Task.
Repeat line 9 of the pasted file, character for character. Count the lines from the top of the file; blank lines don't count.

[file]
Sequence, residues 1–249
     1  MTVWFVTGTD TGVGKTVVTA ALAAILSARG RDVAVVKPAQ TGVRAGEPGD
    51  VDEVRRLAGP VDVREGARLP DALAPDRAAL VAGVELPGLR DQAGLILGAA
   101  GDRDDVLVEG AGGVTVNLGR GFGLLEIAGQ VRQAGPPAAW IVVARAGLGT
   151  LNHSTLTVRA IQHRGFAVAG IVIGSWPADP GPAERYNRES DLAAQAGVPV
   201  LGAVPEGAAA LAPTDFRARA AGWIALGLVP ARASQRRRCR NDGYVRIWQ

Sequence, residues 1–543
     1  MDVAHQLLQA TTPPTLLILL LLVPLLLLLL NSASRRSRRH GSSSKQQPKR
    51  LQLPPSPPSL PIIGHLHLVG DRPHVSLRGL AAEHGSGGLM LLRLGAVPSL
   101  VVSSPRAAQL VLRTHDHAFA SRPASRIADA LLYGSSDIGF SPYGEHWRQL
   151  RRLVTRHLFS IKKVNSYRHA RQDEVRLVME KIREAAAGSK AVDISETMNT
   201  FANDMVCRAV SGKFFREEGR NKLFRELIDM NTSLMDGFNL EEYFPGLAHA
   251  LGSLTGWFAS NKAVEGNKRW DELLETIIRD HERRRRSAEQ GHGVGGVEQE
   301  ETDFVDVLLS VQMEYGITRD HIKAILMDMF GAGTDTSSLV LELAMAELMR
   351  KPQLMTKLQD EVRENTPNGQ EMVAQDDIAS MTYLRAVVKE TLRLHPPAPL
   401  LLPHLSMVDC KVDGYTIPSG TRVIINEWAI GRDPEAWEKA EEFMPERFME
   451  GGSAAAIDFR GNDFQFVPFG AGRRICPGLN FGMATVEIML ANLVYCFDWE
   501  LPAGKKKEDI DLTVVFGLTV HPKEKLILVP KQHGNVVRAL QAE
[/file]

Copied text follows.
    51  LQLPPSPPSL PIIGHLHLVG DRPHVSLRGL AAEHGSGGLM LLRLGAVPSL